Wearing a button-down white shirt and faded grey jeans, with a wide smile brightening his face, Ali Suliman looks nothing like Dabaan, the psychotic, cold-blooded police officer in the new thriller “Zinzana” (‘Rattle the Cage’). The 38-year-old plays the role with such skilfulness (and creepiness) that I was a little anxious about meeting him.
“Zinzana”, also starring renowned Palestinian actor Saleh Bakri, is a neo-noir thriller set in a small town police station ‘somewhere in Arabia’. It's directed by the Emirati filmmaker Majid Al Ansari and premiered at Fantastic Fest in Texas and has since received rave reviews, with critics calling Al Ansari the ‘Tarantino of the Middle East’.
“Zinzana” begins with Talal (Bakri), a recently divorced, recovering alcoholic, waking up in a jail cell, when the smooth-talking, ingratiating police officer Dabaan (Suliman) arrives to the police station, kills the only cop on duty and puts his captive through physical and psychological torture.
Suliman was first introduced to the audience in Hani Abu Asaad’s Golden Globe-winning film “Paradise Now” from 2005. He went on to star in critically acclaimed productions such as “The Attack”, “The Time that Remains”, “Last Friday”, and “The Kingdom”, among others. We caught up with Suliman at Dubai International Film Festival to talk about his most heinous, yet compelling character.
You have a record of more than 40 films, but I think this the first time you play such an evil character. How was it?
I was excited at the prospect of playing such a dark character, a role that I have not played before on the big screen – I played some dark troubled characters in theatre. That’s why I was extremely excited about playing Dabaan. During my entire acting career, I tried my best to play different, diverse characters, and not to get trapped in one single role. My role in “Zinzana” is completely different from anything I have done before. The whole experience was fantastic.
You deliver a gripping performance as a violent policeman, were you surprised by yourself?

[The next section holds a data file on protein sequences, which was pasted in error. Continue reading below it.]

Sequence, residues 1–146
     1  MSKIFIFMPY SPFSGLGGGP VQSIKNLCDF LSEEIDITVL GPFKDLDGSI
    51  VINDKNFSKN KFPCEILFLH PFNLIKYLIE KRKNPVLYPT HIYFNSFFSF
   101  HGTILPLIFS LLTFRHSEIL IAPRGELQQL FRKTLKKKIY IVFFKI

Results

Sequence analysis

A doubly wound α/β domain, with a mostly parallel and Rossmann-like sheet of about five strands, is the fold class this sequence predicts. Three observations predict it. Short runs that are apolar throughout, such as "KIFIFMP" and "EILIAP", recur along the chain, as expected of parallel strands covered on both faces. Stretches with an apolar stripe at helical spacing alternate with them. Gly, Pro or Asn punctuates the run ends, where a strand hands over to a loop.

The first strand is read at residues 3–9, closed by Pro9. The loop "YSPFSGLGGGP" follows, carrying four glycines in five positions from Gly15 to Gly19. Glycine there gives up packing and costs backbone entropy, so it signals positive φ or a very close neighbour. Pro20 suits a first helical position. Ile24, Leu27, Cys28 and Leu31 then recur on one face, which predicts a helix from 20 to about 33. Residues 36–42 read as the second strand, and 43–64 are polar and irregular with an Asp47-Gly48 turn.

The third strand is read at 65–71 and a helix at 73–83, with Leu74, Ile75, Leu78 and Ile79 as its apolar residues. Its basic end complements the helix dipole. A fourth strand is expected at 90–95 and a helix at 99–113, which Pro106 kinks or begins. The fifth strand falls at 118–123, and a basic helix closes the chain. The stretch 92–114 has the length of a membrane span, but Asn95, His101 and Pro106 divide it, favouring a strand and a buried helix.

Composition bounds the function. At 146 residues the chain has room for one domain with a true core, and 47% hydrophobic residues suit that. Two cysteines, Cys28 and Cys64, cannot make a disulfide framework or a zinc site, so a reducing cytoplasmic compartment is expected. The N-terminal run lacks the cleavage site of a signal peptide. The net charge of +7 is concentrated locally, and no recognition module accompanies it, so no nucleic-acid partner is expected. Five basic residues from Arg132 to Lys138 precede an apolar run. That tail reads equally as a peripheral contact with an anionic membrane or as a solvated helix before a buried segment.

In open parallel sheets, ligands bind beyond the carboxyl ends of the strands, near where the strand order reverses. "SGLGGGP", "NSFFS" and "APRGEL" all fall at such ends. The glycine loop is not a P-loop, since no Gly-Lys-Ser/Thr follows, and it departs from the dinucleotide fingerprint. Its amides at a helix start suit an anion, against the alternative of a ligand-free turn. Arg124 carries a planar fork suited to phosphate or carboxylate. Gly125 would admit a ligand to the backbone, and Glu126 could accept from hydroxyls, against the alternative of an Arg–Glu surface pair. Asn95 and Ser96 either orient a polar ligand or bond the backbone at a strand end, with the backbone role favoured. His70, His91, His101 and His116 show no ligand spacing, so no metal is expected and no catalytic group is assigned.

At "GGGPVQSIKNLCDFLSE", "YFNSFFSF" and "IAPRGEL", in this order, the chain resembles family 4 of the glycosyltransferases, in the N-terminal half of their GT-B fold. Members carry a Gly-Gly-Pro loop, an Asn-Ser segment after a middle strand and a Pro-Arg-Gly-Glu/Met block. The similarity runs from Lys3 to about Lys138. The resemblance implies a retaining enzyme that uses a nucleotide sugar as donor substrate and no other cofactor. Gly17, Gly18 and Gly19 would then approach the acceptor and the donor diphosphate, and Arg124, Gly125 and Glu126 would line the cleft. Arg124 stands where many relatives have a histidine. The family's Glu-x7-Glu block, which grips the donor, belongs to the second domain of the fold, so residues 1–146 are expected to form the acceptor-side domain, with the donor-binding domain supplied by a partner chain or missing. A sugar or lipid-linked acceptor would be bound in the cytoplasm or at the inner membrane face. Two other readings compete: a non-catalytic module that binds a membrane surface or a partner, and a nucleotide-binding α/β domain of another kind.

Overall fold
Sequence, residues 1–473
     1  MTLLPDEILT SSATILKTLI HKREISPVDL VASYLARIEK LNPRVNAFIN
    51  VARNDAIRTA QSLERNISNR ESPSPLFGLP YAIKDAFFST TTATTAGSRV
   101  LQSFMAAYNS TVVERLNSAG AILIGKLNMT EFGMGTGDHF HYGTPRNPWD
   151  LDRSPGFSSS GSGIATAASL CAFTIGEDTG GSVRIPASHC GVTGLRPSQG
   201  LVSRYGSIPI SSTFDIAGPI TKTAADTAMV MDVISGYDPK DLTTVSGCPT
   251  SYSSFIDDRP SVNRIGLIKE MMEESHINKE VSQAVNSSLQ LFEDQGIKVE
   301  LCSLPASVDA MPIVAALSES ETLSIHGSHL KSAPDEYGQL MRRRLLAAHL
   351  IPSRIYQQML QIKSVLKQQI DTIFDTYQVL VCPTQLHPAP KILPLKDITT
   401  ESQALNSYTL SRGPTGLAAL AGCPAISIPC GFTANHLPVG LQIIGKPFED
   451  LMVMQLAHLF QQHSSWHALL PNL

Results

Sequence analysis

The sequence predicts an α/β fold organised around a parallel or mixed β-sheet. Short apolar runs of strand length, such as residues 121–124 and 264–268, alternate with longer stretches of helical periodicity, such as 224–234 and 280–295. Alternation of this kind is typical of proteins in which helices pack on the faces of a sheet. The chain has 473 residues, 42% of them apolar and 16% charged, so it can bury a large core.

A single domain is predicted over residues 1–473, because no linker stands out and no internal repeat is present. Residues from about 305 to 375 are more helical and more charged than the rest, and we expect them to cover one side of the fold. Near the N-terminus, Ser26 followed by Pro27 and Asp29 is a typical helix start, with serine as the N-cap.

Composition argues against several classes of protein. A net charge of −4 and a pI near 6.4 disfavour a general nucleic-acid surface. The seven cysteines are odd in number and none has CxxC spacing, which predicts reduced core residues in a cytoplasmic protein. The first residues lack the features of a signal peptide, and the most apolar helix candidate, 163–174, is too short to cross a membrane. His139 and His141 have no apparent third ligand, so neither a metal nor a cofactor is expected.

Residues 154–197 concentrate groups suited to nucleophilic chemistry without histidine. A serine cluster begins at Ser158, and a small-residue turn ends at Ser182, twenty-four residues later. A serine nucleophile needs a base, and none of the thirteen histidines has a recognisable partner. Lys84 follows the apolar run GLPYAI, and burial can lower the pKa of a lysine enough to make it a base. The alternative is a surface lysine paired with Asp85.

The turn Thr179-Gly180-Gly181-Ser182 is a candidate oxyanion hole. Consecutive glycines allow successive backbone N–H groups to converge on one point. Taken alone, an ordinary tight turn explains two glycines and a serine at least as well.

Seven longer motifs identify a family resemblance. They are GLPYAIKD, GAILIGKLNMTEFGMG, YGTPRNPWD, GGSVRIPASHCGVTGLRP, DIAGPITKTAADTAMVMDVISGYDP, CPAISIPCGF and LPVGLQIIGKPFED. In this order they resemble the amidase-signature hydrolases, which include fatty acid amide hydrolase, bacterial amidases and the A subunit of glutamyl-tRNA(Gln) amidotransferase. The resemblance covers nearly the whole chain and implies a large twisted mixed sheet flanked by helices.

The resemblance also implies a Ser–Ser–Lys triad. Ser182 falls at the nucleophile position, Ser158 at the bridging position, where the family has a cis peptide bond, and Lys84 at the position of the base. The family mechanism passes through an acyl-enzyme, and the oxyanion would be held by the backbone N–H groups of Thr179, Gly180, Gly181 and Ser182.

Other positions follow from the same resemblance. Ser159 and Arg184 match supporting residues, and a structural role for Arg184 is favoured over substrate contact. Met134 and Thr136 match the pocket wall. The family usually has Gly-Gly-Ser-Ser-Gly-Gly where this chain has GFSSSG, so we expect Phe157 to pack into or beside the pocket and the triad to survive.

In every role I play, I try to bring or lend something from myself to the character, to bring it to life. With Dabaan, I think I brought believability, in a sense of not knowing what he is capable of doing next. I liked the multifaceted character of Dabaan. Interestingly, people usually sympathise with the victim (in this case Talal), but I had many people coming to come after screening and say they liked Dabaan and that they didn’t expect the ending. In a way, Dabaan is like the the Joker in “The Dark Knight”, he is a murderer, but many people are yet intrigued by him.
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One of the things I enjoyed about the film is that I had no idea where it was going.
I agree, I think the director Majid Al Ansari did an excellent job in keeping the viewers engaged. I’m really glad that I had this chance to work with such a talented director. On a creative level, I was fascinated by how the director succeeded in providing such an ‘uncomfortable’ experience for people watching it.
Majid Al Ansari on the set
How did you feel about playing opposite another well-known Palestinian actor? Was it challenging?
Saleh Bakri is indeed a very talented actor; we played opposite each other in theatre, but this is the first time we play in the same movie. Was it challenging? You bet.
Saleh Bakri and Ali Suliman
Tell us about your new film “The Worthy” with Emirati director Ali Mustafa and what you think about Emirati cinema.
It’s my second collaboration with Ali Mustafa after “From A to B”. I’m looking forward to working with him on “The Worthy” which is a kind of futuristic action/thriller. I’m very optimistic about the future of the Emirati cinema. Also, I think organisations like Dubai film festival and Image Nation Abu Dhabi are doing an excellent job in supporting the Arab cinema, and Arab filmmakers. Having said that, I encourage everybody to check and be part of the online campaign #SupportArabCinema.